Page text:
Without the Committee of the Regions and the Economic and Social Committee, we cannot develop the strong and unified voice that we need in order to be heard in the Brussels corridors of power. Our European representatives, with their ear to the ground across the European institutions, are a vital and essential part of our networking and early warning system. They also offer the means by which our key messages can be transmitted across the Brussels institutions on a consistent and systematic basis.

The Department’s response to recommendation 15 recognises the need for a high-level stakeholder co-ordination group. However, it also indicates that further work is required to determine its role and remit in relation to action 3, the establishment of a Committee of the First Minister and deputy First Minister advisory panel.

Actions 4 to 7 relate to briefings from European representatives, and action 12 concerns enhanced liaison with local government. If the intention is to strengthen and widen engagement with Europe, more thought needs to be given to involving civil society. We would be interested to hear the Committee’s view on those matters.

That concludes our opening remarks. We are happy to answer questions.

The Chairperson:

I thank the junior Ministers for that overview. You stressed the importance of a co-ordinated approach and have accepted the need for that. However, you have ruled out recommendation 14, which states that the Executive should act as an umbrella for organisations and individuals who are interested in European affairs. Will you explain a wee bit more why that recommendation has been turned down at this stage?

The junior Minister (Mr Newton):

I can well understand the Committee’s reaction to that and how the Committee can see that OFMDFM really ought to do that. Recommendation 14 was given absolutely detailed consideration. It suggested that we establish an umbrella grouping for all organisations dealing in European affairs. Although OFDMFM recognises that wider engagement with local government and civil society is extremely desirable, we feel that any formal consultative structure would have substantial resource implications at a time when, quite frankly, we are under severe financial pressures. I know that I do not need to explain that to the Committee.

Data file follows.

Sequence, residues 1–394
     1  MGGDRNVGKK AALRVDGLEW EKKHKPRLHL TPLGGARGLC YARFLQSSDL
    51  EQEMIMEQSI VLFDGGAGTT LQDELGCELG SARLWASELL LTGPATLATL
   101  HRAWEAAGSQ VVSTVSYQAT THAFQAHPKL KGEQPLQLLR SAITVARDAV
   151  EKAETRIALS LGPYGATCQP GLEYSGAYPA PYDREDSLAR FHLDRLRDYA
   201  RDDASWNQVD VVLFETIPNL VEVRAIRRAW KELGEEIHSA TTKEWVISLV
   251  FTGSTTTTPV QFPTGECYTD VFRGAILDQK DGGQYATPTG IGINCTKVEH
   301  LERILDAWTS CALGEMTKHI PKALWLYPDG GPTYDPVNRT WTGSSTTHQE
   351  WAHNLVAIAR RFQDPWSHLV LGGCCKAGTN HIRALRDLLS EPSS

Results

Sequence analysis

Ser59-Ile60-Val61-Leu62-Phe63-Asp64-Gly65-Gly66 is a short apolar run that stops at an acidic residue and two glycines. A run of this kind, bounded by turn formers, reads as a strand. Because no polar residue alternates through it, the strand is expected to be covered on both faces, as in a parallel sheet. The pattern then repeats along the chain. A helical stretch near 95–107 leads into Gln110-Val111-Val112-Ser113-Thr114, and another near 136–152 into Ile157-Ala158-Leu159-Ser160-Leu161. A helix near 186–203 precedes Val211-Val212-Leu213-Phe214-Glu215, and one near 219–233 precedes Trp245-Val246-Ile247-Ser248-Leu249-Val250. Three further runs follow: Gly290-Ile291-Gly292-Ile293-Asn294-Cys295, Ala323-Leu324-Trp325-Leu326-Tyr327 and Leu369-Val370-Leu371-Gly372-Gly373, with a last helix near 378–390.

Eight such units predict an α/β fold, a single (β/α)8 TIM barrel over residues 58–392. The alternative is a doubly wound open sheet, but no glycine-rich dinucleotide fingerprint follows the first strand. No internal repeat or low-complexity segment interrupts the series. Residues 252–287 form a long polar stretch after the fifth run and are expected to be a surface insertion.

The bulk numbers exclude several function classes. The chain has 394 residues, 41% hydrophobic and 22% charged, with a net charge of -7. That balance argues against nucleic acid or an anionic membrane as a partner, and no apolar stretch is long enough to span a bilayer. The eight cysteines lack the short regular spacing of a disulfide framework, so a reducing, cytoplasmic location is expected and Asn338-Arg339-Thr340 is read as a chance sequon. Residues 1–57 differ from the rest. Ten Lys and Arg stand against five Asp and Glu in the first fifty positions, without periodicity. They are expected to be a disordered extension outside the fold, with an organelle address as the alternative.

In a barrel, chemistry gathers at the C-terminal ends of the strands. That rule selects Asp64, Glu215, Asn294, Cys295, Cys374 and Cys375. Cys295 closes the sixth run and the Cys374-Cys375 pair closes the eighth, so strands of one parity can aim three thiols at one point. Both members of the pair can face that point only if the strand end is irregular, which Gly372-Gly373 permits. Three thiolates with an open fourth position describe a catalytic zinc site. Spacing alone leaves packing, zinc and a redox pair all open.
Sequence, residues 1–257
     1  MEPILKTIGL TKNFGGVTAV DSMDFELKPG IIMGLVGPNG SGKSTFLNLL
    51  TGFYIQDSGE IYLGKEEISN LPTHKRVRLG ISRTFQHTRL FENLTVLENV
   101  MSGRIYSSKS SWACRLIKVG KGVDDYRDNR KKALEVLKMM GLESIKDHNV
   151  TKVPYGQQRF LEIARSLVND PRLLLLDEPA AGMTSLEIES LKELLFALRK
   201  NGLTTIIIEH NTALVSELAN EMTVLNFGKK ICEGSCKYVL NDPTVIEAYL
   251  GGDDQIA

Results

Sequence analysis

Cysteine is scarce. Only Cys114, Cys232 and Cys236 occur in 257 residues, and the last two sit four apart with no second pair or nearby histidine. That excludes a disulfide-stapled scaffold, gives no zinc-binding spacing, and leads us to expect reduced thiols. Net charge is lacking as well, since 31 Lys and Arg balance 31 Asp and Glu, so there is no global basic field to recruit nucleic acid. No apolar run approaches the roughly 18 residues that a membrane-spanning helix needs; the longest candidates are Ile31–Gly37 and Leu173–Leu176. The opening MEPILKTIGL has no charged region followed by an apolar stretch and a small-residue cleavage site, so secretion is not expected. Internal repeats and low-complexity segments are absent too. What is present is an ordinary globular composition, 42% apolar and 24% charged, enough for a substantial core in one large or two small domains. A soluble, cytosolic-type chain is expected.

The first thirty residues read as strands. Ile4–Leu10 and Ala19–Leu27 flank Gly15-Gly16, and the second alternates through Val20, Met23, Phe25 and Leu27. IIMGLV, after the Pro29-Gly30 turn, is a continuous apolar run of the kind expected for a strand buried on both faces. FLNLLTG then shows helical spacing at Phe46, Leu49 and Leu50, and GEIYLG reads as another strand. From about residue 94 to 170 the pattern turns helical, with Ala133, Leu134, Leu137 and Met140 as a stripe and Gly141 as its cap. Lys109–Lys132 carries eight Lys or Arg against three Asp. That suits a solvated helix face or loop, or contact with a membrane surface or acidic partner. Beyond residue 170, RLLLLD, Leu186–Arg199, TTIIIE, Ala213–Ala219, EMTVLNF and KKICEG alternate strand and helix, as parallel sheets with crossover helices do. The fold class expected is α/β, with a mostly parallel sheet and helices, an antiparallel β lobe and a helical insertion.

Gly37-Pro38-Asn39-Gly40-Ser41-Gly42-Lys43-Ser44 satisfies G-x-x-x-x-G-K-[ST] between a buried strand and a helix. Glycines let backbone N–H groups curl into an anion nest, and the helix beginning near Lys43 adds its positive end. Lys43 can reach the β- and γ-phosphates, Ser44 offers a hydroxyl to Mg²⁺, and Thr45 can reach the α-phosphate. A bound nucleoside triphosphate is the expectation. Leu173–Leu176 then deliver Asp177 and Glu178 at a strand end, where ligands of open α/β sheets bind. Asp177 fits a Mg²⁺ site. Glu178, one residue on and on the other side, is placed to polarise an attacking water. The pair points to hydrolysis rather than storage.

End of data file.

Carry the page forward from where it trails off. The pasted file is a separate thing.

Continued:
Any mechanism put in place to assist liaison with local councils on European issues would also need to reflect the local government structures, which have not yet been decided on. Again, the Committee knows that well. We also consider that voluntary and non-governmental organisations are likely to have concerns over the perceived independence of any Executive-led grouping established to act in that umbrella-type format.

Ms Anderson:

Thank you for your presentation. Following on from the Chairperson’s comments, in your response you said that the umbrella role suggested in recommendation 14 was already being performed to some degree by the Special EU Programmes Body (SEUPB). Has your office assessed the impact of that? When we took evidence from the SEUPB, I was not aware that it performed that role. If it does co-ordinate in that way, does it report to your office, and if so, can that report be filtered through to the Committee?

Given that there was going to be planned co-ordination or partnership between Ministers and councils, how will that be taken forward in light of the RPA having been shelved or binned? The need for co-ordination between Ministers and councils has been identified. When the Committee took evidence in the House of Lords, it struck me that we would need to apply pressure and lobby for a Peace IV fund, because of the way in which the discussion was emanating around Peace III and whether consideration was being given as to whether the House of Lords would support any more structural fund applications coming in from the North or elsewhere. Maurice Maxwell also raised that concern to the Committee and said that we needed to up our game in lobbying for that. That is particularly important given our reduced resources following yesterday’s Westminster Budget, as there will be even greater demand and pressure put on the Budget.

I recognise what Minister Kelly said about attendance at the European Council of Ministers, in reference to recommendation 9. I know that Jimmy and the junior Minister were very vocal about the fact that the Minister of Agriculture and Rural Development could have an impact if she were to have a voice in the European Council, as opposed to just being there as an observer.

The junior Minister (Mr G Kelly):